“Can’t you go any faster?” I called to the driver in the front seat, pleading for a reassuring answer in return.
“I’m already over the speed limit, love,” he replied apologetically, looking at me through his rear view mirror, “if I go any faster and get snapped by a speeding camera or pulled over by a copper I’ll have my license taken off me.”
“It’s okay, just… make sure you take the quickest route and try to avoid speed cameras.” I answered with a disheartened sigh. The driver responded with a curt nod and turned onto the next left. Recognising the buildings outside of the car, I came to the conclusion that it wouldn’t take much longer to get there and that, unless something extremely traumatic took place, I should get there just in time.
My clutch bag vibrated on my lap. I undid the clasp and retrieved my phone, glancing down at the screen and groaning at the name that flashed across it: Mum. I opened the text message,
Where are you!? Everyone’s waiting for you. Mum x
I replied shortly and simply, not wanting to start an argument via text message; especially not with Mum,
On my way!
She was right though. Everyone was waiting for me, and had been waiting some time now. I felt sorry for them all sat there not quite knowing what was going on. To be completely honest, I could relate to them and had felt more or less exactly the same for quite some time now, although my reasons for this feeling had been for slightly different reasons than theirs. Everything in the past few months had happened so quickly that I wasn’t sure where to look next or how to react. I just felt… lost, almost. And perhaps a little confused or distracted. I couldn’t quite place my finger on it. All I knew was that my life would soon change forever if things continued on as they had been. The only problem was I didn’t know if it was for the better or the worse. Only time could tell.
The tapping of my manicured fingernails against the case of my phone irritated me, so I stopped and returned it into my bag, resting it on my lap as my knees twitched nervously. My breaths drew sharper the closer we got and, once parked outside, my stomach was in knots. As I gazed upon the historic, stone building outside terrible memories filled my mind.
“There now, love,” the driver called back, startling me suddenly, “just in the nick of time.”
“Thank you,” I stammered, reaching for the door handle, “thank you very much.” I stepped out of the car and began to make my way up the path towards the church. I heard another car pull up behind me which gave me the incentive to hurry up. I was late.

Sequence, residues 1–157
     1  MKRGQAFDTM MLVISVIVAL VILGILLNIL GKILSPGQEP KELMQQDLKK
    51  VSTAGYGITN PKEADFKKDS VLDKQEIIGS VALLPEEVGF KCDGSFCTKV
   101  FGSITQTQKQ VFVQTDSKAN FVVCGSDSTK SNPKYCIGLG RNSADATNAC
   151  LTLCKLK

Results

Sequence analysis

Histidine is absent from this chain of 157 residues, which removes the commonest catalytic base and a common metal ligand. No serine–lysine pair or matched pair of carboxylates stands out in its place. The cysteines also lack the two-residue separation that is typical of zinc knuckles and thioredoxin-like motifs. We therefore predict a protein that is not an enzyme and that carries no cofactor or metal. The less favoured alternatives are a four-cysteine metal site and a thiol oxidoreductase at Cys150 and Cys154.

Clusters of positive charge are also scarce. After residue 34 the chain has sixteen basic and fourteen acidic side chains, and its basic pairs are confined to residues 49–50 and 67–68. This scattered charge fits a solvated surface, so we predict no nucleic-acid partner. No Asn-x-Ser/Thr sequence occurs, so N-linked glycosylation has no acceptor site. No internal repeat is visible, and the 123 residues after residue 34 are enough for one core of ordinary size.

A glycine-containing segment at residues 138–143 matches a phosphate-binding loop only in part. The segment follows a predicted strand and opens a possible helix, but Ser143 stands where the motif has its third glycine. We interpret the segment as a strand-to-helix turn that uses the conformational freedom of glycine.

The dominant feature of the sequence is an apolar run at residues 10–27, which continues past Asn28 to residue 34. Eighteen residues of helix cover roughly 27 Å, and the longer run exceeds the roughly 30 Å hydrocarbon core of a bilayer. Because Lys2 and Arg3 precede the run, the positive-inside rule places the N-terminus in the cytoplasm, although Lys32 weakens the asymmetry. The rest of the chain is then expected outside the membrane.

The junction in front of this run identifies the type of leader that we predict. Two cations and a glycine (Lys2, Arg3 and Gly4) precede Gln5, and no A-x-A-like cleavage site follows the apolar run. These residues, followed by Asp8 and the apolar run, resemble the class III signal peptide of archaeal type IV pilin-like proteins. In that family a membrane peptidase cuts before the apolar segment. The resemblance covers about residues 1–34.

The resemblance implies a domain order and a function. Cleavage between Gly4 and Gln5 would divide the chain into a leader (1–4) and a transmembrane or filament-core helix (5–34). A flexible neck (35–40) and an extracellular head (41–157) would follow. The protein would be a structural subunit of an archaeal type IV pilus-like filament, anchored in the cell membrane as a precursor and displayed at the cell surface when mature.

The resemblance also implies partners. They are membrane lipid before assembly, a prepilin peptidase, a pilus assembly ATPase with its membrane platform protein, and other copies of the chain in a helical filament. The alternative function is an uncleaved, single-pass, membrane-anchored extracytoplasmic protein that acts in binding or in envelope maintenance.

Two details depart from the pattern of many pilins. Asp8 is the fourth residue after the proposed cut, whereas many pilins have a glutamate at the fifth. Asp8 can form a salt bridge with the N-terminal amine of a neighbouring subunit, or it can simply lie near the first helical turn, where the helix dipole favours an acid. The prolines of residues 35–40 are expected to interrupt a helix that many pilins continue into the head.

I quickened my pace, lifting the skirt of my vintage floor length silk satin dress from the ground, so not to tear it on the gravel path below. My ivory heels, loaned to me by Mum, crunched against the petite stones and the silver bracelet, bought brand new earlier that week, with an encrusted blue topaz on my right wrist jangled with the momentum. I was only really able to catch a glimpse of the outside of the building, known for its beauty and place in the history books. I spied Mum waiting impatiently at the thick wooden doors with a look that could kill when she finally spotted me.
“Finally!” she exclaimed, ushering me through one of the opened doors, “Everyone’s been waiting. Ben was starting to get worried.”
“Well, I’m here now so there’s no need to worry.” I replied, smiling nervously. She returned the gesture weakly and placed her hand on the small of my back, prompting me through a second set of doors and into the main procession hall.
The atmosphere within the church was warm and friendly with music being played by the organist filling the cavernous space softly. The quiet murmur of guests could also be heard intertwined between each note as they all gazed at Mum and I as we walked down the alter together side by side. Adding to the surprising warmth of the ancient building, the sudden pop of summer colours from the arrangements of calla lilies, snapdragons, tiger lilies and various other wild flowers at the end of pews and either end of the alter added a clever distraction and dismissed the fact that it was actually the end of winter and freezing outside.
Despite the beauty that the church held, my eyes scanned for the one person I wanted to see and his eyes fixed onto mine too. An expression of relief spread across his face as he gazed back at me with his familiar smile appearing at each step I took towards him. My heart melted.
As mum parted away from me and took her place in one of the pews, I continued on towards him. He looked so handsome stood there in his suit with his brother nervously stood beside him. The resemblance between the two of them was undeniable but it was evident that he was still the better looking younger sibling. I had caught a keeper and I never intended to let go of him ever again. I loved him and he loved me and that’s all that mattered.
“Hello, stranger,” I smirked as I stopped before him, smiling ridiculously, “I told you I’d get here.”
“Yeah, but only just,” He replied with a similar smirk, “you did bring them, right?”
“Of course I did,” I answered, rolling my eyes as I unclasped my bag. I retrieved the two white gold wedding bands from the inner zipped pocket of the bag and placed them into Ben’s outstretched hand, “and I wouldn’t have been so late if you’d have remembered them yourself.”
“You’re an absolute star, Casey. Did I ever tell you that I love you?”
“It may have slipped out in conversation.” I replied. My cheeks flushed red as he leant down towards me and kissed me. Even still I couldn’t quite believe how lucky I’d been and that each kiss left me feeling just as it had done the first time.
“I love you, Casey Stewart.” He whispered as we parted.
“I love you too, Ben Russo.” I responded, gliding my hand down his cheek before returning to my seat beside Mum in one of the middle pews. That was when the hall fell to a hush as the organist’s music began to resemble the traditional wedding march. All eyes were on the beautiful girl in the white lace wedding gown whose arm was linked into her weeping father’s arm as they walked down the alter, followed by two bridesmaids in slinky, form fitting satin gowns.